Social investment: funding for charities or white-washing of capitalism?
Civil Society, by Vibeka Mair
You wouldn’t traditionally associate the words right-wing, speculative or high-finance with the charity and social enterprise sector, yet these are exactly the terms which some frontline organisations are using to describe the social investment space in the UK.
For example, Robbie Davison, chief executive of community interest company Can Cook, has accused Big Society Capital, the biggest social investor in the UK, of imposing a market-based ideology on the social investment sector. And he and others say that social investment intermediaries are concentrated in a City-of-London bubble with no real understanding of the finance needs of the voluntary sector.
A recent report on social investment by Clore fellow Mary Duffy chimes with these concerns. Her research, which uncovered a number of tensions in the social investment world on issues such as cost of capital, profit, culture and values, also found there were suspicions around social investment intermediaries with negative stereotypes about their motivations. She writes: “There is a view that many intermediary organisations populate their teams mainly with those from the finance side, demonstrating what they prioritise and what they are seeking in terms of direction. This leads to trust issues – are these bankers out of work following the crash trying to cash in on something to tide them over until they go back to earning big bucks? Are they rich ex-City guys seeking salvation?”
These suspicions are likely being fuelled by a lack of dialogue between charities and social investment intermediaries. Recent research from the Charity Commission says: “The charity sector appears to be largely absent from conversations about the social investment market, while non-charitable intermediaries have been actively participating in them.”
Critics highlight charity governance failings
At first it seems strange that charities would be absent from these conversations when social investment is often billed as a new finance tool for the voluntary sector. But a recent Financial Times feature by Norma Cohen on social investment explains why this may be the case. In the piece, Rodney Schwartz, CEO of social investment consultancy ClearlySo, explains that he got involved with charitable work after leaving the City, but became disenchanted with the charity model, especially the governance. The FT interviewer writes: “Schwartz is not alone in turning to social investment after spotting failings within the charitable sector.”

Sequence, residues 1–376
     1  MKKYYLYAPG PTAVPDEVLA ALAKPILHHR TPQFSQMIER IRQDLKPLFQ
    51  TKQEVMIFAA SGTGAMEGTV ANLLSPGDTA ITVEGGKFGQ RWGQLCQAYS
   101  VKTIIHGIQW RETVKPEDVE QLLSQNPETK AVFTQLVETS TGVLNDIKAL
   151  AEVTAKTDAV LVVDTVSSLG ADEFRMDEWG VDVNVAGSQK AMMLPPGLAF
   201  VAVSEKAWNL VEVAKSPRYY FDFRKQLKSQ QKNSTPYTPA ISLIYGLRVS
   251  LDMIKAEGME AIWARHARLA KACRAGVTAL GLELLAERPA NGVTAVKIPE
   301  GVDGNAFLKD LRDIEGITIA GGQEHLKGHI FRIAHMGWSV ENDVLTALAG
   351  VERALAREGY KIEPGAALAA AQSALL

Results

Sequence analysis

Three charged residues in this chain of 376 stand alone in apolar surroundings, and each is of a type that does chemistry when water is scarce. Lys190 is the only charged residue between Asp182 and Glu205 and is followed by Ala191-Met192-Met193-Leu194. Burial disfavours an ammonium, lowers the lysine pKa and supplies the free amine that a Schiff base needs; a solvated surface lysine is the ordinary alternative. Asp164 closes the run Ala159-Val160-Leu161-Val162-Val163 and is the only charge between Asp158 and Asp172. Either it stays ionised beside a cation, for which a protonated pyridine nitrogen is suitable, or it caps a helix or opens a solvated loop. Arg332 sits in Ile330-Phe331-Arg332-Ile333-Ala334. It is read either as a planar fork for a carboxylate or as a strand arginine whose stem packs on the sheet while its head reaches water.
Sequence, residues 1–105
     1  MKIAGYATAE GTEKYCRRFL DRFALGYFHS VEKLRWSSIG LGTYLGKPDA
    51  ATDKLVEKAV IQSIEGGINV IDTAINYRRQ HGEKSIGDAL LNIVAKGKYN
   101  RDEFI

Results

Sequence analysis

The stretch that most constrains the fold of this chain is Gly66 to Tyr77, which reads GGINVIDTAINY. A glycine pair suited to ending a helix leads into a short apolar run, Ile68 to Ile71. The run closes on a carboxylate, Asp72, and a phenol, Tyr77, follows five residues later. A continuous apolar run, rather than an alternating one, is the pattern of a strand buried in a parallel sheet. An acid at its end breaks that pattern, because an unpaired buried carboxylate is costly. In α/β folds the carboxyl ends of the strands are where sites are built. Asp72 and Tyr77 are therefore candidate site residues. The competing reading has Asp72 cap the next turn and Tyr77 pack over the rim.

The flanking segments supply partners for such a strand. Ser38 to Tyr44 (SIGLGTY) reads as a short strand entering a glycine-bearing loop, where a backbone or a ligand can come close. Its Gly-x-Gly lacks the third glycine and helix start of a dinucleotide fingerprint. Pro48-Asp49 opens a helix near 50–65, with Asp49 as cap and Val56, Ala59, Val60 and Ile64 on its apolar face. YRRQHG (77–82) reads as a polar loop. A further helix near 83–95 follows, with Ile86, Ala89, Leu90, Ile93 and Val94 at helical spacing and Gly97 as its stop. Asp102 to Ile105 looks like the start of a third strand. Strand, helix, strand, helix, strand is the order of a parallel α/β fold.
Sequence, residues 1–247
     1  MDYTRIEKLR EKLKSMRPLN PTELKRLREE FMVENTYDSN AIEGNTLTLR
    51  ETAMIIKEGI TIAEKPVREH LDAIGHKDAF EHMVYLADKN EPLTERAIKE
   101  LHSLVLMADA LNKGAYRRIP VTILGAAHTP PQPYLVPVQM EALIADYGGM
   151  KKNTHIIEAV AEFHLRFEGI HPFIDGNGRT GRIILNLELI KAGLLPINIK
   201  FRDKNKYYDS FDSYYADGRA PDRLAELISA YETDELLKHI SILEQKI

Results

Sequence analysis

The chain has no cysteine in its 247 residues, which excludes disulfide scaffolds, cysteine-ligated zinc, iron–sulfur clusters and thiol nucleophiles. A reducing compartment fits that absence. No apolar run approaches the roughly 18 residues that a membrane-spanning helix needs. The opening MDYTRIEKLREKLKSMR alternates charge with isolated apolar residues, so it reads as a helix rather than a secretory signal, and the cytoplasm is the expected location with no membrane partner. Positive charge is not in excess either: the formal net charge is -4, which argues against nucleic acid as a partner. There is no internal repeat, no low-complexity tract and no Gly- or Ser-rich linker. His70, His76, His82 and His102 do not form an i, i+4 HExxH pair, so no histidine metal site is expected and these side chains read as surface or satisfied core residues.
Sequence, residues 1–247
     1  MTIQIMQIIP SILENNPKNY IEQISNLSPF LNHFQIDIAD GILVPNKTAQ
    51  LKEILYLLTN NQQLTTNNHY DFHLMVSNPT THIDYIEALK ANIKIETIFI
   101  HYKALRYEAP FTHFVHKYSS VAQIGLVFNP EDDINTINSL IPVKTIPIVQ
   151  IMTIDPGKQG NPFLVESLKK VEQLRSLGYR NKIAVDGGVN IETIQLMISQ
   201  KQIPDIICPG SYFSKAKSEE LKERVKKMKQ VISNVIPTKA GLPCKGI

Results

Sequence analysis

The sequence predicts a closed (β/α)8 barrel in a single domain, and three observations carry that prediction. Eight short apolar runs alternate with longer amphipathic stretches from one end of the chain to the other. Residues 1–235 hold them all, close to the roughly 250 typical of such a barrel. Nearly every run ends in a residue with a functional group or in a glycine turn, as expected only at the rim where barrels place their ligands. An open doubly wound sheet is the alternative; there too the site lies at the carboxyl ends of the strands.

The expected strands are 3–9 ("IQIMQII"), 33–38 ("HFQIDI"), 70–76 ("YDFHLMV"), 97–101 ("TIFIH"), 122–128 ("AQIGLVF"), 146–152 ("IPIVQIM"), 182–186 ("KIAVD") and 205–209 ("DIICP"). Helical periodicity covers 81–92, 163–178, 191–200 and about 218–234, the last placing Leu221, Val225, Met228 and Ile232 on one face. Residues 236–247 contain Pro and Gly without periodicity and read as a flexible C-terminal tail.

This demarcation between social investment and the charitable sector is striking. Here, social investment is no longer a finance tool for the charity sector, but has become a distinct sector in its own right, better at effecting social change than the conventional charity way.
Social investors ‘are becoming sector-neutral’
This is the key issue causing tension between charities and the social investment intermediaries. Charities and social enterprises look at social investment as a new form of funding in an increasingly challenging financial landscape, while social investment sees itself as a way to create social change by unlocking pools of capital towards social need. Undoubtedly, some of this will flow through to charities and social enterprises as they work in the area of social need. But those funding social investment are increasingly becoming sector-neutral. Big Society Capital, Nesta and Social Investment Business already do, or have suggested, funding for-profits with a social aim.
They are simply looking for organisations which can deliver a social and a financial return. Some describe it as a new, more responsible form of capitalism.
So it has been unhelpful and confusing that when politicians and sector leaders are quizzed on the lack of funding for the charity sector they point to Big Society Capital (BSC) as providing new finance for the sector. Because Big Society Capital’s remit is not to fund the charity and social enterprise sector, it is to grow the social investment market – this is very different.
New organisations more likely to benefit
Sir Ronald Cohen, chair of Big Society Capital, has said that money is one of the few commodities where supply creates demand. And Big Society Capital’s chief executive Nick O’Donohoe has said the flow of new money will lead to new ideas and interest.
So I suspect that it may be the case that established charities and social enterprise will not be the main beneficiaries of BSC cash, but new organisations will spring up attracted to the flow of new capital enabling them to use business to do good; and more able to fit the model that social investment is taking in the UK. It’s likely that a lot of these people will come from City or business backgrounds which will unfortunately fuel more of the criticisms which I mentioned at the start of this blog.
Blogger Leslie Huckfield has already called for a line to be drawn in the sand with social investment and that the £400m in unclaimed assets going to BSC be used to support the real needs of the social enterprise and charity sector.
This is unlikely to happen. But government needs to stop highlighting BSC as a funder for the charity sector, when it may not be able to fulfil this role as widely as politicians claim.
Ian Tuckett, secretary at Coin Street Community Builders, highlighted this issue at an All Party Parliamentary Group event organised by Social Enterprise UK to celebrate the first year of Big Society Capital yesterday, when he called for a new body whose sole remit is to create a robust social enterprise industry and grow social entrepreneurship in the UK